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Why work? Why do we do what we do? Why do we spend so much time working, to the extent that it occupies most of our waking hours of our entire adult life?

Lately, I’ve been asking myself these questions. Perhaps because I finally got a breather at work and I have more time to think… but then I realised, this is not the first time I’ve questioned myself. I’ve asked myself these questions in the past. In the midst of being so busy at work, I’ve chucked addressing these feelings aside, and time has flown me by (over 3 years).
*A mental note to always make time to think about where you are at life, and what you want to achieve in the future.

So – Why work?

Aristotle once said “We work to have leisure, on which happiness depends.” This is rather ironic yet true, given that we work, in order to not work. We work so that we can go for that vacation. We work almost our entire adult lives so that we can retire and stop working. We are literally swapping time for money.

“The purpose of life is not to be happy. It is to be useful, to be honourable, to be compassionate, to have it make some difference that you have lived and lived well.”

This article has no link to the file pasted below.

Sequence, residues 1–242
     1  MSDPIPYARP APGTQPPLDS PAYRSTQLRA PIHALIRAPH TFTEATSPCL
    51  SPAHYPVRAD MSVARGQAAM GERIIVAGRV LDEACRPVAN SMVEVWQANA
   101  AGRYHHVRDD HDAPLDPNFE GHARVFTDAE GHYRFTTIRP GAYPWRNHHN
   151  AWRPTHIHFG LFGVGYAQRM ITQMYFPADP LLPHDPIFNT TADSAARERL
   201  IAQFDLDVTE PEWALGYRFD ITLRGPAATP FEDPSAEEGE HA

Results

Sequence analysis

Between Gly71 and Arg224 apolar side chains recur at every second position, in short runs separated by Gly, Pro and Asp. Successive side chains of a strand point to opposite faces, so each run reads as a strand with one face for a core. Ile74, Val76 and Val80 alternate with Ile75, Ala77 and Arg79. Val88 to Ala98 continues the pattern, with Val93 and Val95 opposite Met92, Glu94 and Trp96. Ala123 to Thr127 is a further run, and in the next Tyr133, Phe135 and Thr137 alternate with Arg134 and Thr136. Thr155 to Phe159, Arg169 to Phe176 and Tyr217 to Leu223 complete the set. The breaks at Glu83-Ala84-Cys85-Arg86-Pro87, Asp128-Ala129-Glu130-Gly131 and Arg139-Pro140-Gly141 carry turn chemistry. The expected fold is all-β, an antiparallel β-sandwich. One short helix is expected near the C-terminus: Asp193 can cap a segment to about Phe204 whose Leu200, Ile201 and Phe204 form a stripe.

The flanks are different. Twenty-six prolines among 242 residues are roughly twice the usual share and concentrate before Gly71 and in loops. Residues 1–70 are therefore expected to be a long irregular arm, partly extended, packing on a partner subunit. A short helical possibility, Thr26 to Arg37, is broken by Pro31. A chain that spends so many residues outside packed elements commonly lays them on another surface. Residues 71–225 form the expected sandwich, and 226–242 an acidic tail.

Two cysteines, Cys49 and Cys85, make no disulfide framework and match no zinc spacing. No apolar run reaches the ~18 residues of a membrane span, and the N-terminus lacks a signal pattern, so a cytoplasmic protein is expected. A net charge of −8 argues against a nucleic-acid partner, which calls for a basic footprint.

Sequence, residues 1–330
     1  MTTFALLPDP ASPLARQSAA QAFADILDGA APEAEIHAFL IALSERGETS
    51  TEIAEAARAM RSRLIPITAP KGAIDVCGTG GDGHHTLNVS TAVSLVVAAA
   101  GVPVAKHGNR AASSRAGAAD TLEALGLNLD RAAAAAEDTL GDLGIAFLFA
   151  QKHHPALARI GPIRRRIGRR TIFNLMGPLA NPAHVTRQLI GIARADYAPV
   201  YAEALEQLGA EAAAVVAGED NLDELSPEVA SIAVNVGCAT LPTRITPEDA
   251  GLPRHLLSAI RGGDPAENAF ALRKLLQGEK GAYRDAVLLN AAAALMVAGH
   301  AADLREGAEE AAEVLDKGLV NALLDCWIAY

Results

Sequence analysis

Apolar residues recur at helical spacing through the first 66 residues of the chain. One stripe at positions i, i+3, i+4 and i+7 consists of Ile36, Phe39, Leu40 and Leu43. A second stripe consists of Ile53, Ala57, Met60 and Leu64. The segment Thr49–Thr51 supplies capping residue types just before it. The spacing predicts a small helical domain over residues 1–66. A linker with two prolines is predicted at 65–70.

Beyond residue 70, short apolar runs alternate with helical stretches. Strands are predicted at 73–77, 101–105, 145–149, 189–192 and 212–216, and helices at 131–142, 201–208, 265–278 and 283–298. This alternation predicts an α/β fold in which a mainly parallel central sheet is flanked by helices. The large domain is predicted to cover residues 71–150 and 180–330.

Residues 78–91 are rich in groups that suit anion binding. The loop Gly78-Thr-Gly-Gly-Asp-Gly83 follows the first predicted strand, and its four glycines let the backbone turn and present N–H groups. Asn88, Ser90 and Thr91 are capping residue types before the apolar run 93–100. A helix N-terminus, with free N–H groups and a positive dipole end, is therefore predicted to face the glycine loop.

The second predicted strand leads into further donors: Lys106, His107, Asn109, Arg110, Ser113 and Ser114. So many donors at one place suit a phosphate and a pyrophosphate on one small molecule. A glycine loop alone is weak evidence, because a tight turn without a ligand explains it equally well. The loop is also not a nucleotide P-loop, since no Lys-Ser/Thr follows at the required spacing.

– Ralph Waldo Emerson

But what would I be doing today if I were not working to make a living? If money was of no concern, would I still be in my current line of work or would I be doing something else?

Honestly, I think I would still have walked down the same path, as I think I would not grown to the person I’ve become today. As Steve Jobs once said, you can’t connect the dots looking forward; you can only connect them looking backwards.

You can’t connect the dots looking forward; you can only connect them looking backwards. So you have to trust that the dots will somehow connect in your future. You have to trust in something – your gut, destiny, life, karma, whatever. This approach has never let me down, and it has made all the difference in my life.

Steve Jobs

At crossroads – Steady income vs Passion

My journey to a working adult begins like no other. Fresh out of university, I started my first job any degree holder in accounting dreams to work at – in one of the Big 4 accounting firm. Studying hard in university has paid off, and thus, I begun my first corporate job as a corporate tax consultant. My main motive at that time was money and experience (though more towards the first one). Now my motive has since changed towards purpose and experience, although money is still important to service the bills.